Lynda Hallinan: Where there's a willow, there's a wayward swarm of scavenging aphids
OPINION: It has all the makings of a dystopian horror plot: a savage, silent army of lecherous nymphomaniacs has infiltrated Godzone and is spreading a black plague across our land.
You may not have noticed it yet but there's an ill wind in our willows. Riverbank and roadside willows increasingly look like wildfire victims, their branches sullied with soot. It's not an arsonist but an aphid that's got them into this sticky mess.
Tuberolachnus salignus is no ordinary aphid. Commonly known as the giant willow aphid, this sap-sucking leviathan of a louse grows up to 6mm long, about four times the size of the common greenfly that sucks the sap from spring rosebuds. It's a warrior princess in a Halloween costume, with a thorn-like dorsal tubercle and a pair of devil horns on its back. When squashed, it bleeds what looks like blood.
To say this little pest is on a sugar high is an understatement. It taps into the flow of willow sap, mainlining glucose while raining sticky droplets of honeydew – that's a euphemism for sugary crap – on to everything below. This honeydew in turn attracts wasps, ants and the tell-tale charcoal fungus known as black sooty mould. (Scale insects inflict a similar indignity upon citrus trees.)
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These sweet and sooty byproducts cause headaches for fruit growers and farmers, contaminating the wool of sheep who seek willow shade and fruit crops grown in orchards surrounded by willow shelter belts. The aphids are also starting to jump ship, with breeding colonies sighted in apple and pear plantations.
The National Beekeepers Association is also concerned about the aphids' effect on honey quality and hive health. When bees harvest honeydew, their honey takes on sour flavours and is prone to crystallisation, while stunted, stressed willows are shy to flower, robbing bees of a key source of early spring fodder.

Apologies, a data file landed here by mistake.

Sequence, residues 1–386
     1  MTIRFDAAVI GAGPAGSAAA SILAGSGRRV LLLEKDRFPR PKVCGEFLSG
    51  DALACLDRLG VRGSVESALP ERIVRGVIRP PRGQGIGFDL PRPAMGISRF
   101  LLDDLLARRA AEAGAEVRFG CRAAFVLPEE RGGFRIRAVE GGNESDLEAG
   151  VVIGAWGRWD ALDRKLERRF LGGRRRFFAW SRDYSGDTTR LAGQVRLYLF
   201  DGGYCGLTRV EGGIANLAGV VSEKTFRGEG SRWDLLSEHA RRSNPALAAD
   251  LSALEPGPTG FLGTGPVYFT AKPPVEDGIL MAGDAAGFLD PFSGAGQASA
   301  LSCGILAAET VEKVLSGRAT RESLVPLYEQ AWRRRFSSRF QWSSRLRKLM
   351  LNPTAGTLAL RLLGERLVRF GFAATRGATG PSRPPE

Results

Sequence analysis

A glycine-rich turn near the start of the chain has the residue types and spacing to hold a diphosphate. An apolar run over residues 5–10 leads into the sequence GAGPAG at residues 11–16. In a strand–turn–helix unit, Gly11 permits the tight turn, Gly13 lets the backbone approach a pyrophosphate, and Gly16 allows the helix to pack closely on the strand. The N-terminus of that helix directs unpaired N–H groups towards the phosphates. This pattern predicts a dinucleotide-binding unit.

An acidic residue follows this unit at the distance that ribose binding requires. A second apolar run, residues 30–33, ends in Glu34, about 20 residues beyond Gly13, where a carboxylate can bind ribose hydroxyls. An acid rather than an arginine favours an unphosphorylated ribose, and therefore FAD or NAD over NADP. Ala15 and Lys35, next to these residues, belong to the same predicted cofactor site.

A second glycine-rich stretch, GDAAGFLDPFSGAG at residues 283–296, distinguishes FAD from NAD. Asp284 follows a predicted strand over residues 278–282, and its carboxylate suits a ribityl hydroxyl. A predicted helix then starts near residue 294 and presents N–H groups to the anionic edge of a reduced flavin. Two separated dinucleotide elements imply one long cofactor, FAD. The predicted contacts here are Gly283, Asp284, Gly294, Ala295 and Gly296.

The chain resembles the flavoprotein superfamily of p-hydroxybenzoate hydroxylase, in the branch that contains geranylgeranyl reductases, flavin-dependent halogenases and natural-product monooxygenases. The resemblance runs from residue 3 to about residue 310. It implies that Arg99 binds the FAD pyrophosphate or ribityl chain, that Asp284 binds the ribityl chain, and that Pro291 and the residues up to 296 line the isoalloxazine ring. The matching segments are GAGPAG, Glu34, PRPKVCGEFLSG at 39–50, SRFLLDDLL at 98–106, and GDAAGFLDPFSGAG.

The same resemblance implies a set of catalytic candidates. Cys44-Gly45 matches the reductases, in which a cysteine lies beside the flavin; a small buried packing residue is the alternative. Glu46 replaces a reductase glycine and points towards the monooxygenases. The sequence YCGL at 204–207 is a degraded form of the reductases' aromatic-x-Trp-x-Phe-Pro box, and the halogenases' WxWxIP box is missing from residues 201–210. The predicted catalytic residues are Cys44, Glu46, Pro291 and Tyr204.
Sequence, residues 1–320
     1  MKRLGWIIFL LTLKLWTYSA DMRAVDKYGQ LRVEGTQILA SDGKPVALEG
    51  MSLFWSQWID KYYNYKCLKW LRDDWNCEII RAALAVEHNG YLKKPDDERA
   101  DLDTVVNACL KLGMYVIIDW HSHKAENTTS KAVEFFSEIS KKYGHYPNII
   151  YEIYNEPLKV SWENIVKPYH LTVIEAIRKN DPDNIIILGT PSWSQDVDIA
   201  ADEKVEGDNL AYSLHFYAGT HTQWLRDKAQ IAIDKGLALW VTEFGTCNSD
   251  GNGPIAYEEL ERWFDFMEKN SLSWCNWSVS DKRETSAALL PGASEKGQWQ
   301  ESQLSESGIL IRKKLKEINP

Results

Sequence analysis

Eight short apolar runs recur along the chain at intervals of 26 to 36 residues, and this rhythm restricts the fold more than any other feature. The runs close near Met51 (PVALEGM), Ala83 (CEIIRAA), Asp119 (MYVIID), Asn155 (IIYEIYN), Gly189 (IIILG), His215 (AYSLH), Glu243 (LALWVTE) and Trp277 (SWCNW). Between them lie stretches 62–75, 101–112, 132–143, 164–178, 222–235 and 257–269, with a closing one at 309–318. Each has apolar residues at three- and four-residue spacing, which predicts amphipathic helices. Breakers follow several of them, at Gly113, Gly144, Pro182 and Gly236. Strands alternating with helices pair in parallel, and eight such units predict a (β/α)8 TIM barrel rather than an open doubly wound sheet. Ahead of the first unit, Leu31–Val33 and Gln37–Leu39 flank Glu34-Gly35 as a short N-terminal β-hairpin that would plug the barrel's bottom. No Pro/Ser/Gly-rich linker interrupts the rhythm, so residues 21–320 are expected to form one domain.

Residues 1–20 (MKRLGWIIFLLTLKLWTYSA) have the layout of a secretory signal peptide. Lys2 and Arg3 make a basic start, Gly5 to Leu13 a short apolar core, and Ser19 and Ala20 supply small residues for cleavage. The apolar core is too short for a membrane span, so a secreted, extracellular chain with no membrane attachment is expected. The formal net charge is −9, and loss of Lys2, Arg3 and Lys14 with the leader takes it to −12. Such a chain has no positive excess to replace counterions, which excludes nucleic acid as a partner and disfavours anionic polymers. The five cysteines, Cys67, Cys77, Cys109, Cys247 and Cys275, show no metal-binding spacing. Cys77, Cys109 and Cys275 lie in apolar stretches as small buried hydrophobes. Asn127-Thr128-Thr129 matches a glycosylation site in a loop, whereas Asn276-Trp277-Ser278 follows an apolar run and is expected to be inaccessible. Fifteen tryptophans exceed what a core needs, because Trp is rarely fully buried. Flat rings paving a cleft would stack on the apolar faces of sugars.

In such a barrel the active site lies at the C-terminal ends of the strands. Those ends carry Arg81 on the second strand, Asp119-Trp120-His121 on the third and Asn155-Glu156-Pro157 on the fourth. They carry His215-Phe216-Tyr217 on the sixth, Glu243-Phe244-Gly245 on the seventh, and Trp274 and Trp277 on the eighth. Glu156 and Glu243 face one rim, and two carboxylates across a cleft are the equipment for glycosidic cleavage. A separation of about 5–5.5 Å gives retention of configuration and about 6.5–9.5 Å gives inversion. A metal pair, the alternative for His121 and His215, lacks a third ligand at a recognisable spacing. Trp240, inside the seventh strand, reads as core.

No one knows exactly when or how the giant willow aphid breached our border security, but these illegal immigrants were first identified by entomologists two days before Christmas in 2013, in willows at Auckland's Western Springs Park. Any hope of a quick containment was quickly quashed when spot checks revealed they'd already colonised trees from Northland to Central Otago.
How did they spread so quickly? Well, this is no country for old men. Lady aphids don't need lovers: they are parthenogenetic, reproducing asexually. After a winter lull, they start actively breeding and feeding in spring and, because each adult female can spawn between 30-70 live young, their numbers increase exponentially, producing vast populations of overlapping generations by summer's end.
It's now believed they've been building their sleeper cells in New Zealand for at least a decade, but they only made it to my neck of the woods last year, turning the weeping willows in our wetland from golden umbrellas to gothic hunchbacks.
The New Zealand Poplar and Willow Research Trust says the effect of the aphid has been "devastating". A fortnight ago, on a road trip up north where the aphid population isn't checked by frost, I was shocked to see so many blackened trees.
Good riddance, say native enthusiasts and puritanical environmentalists who view willows as invasive wetland weeds. But that's a simplistic view, for willows are also high-country heroes, stabilising eroded hillsides and holding river banks together in times of flood.
"The willow which bends to the tempest," wrote the German theologian Albert Schweitzer, "often escapes better than the oak which resists it. And so, in great calamities, it sometimes happens that light and frivolous spirits recover their elasticity and presence of mind sooner than those of a loftier character."
So what can be done for those sad trees whose frivolous spirit is being sucked dry? Not a great deal. Insecticide bands around tree trunks are said to slow the progress of wingless aphids legging it back up their hosts in spring, while coppiced willows can be drenched with systemic sprays. I also know of some Auckland gardeners trialling the use of drones to spray the tops of mature trees, but that's hardly practical for most people.
The willow aphid's only natural predator in New Zealand is the ladybird. However, in a happy (or suspicious) coincidence, another illegal alien, the Asian harlequin ladybird, Harmonia axyridis, found here for the first time in 2016, is proving to have quite an appetite for them.
Whose army will gain supremacy? Who can say? In the meantime, they've mobbed my willows, and they're coming for yours next.